The old Godzilla movies made by Japan’s Toho studio between 1954 and 2004 were B-grade monster movies. They were cheesy and primitive, for the most part, but displayed the charm of inventive filmmakers who were trying to transcend the limitations of budget and technology by having a guy in a rubber lizard suit trample model cities to make the illusion work.
It’s an attitude that Gareth Edwards — director of the new Hollywood reboot of Godzilla — should understand. Edwards made the intriguing indie science fiction film “Monsters” in 2010 for a mere $800,000, doing the special-effects work on a laptop. His new “Godzilla” cost more than 200 times that amount, yet has little to show for its budget. Godzilla still looks like a guy in a rubber suit — perhaps unavoidable due to the original anthropomorphic design of the monster — and the film takes forever to get what the punters paid for: battling monsters.
This “Godzilla” is 10 percent monsters, 90 percent bad acting. The most monstrous thing might be seeing Bryan Cranston, in a role as poorly written as that of Raymond Burr’s in the 1954 U.S. release of the original “Godzilla.” Cranston plays a nuclear engineer investigating seismic activity near a Japanese nuclear reactor when a massive tremor hits, causing a meltdown. There’s also a tsunami and radioactive no-go zone likely modeled on the Tohoku catastrophe, and this casual use of 3/11 imagery may seem in poor taste to some.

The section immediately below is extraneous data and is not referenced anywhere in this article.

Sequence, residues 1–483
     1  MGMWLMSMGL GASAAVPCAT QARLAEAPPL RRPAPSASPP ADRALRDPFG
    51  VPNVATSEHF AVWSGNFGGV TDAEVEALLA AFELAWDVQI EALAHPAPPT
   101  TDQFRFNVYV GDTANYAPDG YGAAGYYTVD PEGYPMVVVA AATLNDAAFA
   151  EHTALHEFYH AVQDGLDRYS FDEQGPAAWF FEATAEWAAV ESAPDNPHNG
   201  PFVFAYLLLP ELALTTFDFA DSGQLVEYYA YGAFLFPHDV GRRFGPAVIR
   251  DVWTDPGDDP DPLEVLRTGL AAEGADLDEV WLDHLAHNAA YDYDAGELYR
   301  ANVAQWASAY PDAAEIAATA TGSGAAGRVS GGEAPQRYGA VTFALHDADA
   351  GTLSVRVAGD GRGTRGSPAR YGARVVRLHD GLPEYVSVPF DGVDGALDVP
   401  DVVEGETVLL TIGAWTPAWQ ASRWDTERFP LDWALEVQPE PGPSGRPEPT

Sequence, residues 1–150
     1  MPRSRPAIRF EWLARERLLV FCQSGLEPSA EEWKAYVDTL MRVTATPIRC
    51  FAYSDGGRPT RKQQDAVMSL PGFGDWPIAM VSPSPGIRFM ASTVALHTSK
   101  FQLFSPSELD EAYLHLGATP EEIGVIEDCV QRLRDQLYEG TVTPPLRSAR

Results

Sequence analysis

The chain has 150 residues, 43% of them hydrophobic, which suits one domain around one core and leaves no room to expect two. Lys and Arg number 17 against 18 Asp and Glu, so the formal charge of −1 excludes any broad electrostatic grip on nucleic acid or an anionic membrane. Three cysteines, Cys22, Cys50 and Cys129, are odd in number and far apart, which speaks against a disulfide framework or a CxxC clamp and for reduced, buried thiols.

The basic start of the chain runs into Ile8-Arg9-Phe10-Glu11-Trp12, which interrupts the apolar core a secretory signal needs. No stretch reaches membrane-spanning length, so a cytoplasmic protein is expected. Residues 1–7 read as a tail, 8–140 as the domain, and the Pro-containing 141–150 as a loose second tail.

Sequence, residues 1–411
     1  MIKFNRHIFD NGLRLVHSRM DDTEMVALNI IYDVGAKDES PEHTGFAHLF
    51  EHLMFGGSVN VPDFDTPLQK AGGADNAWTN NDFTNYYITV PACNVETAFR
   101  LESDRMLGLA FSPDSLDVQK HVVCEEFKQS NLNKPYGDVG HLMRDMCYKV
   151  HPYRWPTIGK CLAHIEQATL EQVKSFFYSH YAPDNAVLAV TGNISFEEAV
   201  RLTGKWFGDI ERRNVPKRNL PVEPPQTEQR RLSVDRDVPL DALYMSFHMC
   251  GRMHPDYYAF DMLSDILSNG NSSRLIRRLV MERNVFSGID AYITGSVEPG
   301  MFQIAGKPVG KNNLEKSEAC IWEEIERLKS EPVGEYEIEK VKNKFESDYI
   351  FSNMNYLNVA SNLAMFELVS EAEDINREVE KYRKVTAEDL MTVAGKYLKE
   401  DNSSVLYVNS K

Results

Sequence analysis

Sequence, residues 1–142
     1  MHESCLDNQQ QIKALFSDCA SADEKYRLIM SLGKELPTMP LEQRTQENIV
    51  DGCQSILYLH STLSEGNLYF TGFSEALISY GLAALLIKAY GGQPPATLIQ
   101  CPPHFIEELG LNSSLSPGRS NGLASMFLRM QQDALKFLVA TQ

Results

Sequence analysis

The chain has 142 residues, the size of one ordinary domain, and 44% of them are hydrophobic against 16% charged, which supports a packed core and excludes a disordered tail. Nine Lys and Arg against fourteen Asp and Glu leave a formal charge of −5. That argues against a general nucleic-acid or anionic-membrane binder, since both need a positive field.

Cranston’s scientist spends more than a decade trying to figure out what caused the mystery quake — no prizes for guessing — but it’s up to his military bomb-expert son (Aaron Taylor-Johnson, who plays a walking, talking G.I. Joe doll) to save everybody when giant prehistoric creatures emerge and start destroying cities.
The problem with all those old Toho films (and why Hollywood needs to do remakes) is that it was never the U.S. military who saved the world! Made with the full cooperation of the U.S. Marine Corps and Navy, and released in Japan shortly after Prime Minister Shinzo Abe has taken the incredibly unpopular move of subverting the constitution to allow the Japanese armed forces to engage in conflicts overseas — a move long pushed for by the U.S. — Edwards’ “Godzilla” presents the U.S. military as the only force capable of taking on the monster threat. There’s even a pandering scene where Johnson’s heroic G.I. saves a cute Japanese kid in Oahu, reuniting the kid with his grateful tourist parents. See the benefits of the security alliance?
OK, maybe I’m getting into conspiracy theory la-la land now, but when a film that was explicitly about the dangers of nuclear weapons — which was made by the only nation to be attacked by them — has its focus redirected to the very military who dropped the bomb on Japan, and even has them deploying nukes to try and defeat the monsters, well, we’ve slipped through the looking glass, Alice.